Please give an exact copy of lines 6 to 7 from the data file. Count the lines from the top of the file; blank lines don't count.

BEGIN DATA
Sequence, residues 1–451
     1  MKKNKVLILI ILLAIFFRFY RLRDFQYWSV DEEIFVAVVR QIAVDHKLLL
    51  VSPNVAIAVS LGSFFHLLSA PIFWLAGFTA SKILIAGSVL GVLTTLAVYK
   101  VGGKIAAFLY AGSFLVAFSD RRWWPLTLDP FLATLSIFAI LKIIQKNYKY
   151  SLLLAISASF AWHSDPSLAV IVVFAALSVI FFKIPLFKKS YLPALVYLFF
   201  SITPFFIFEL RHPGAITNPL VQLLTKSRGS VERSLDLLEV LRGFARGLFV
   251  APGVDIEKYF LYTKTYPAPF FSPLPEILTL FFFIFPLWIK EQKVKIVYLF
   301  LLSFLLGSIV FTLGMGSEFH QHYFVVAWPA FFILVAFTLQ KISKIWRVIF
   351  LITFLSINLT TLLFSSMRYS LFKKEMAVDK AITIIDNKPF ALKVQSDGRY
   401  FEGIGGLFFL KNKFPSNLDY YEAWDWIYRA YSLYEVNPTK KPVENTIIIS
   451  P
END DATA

   201  SITPFFIFEL RHPGAITNPL VQLLTKSRGS VERSLDLLEV LRGFARGLFV
   251  APGVDIEKYF LYTKTYPAPF FSPLPEILTL FFFIFPLWIK EQKVKIVYLF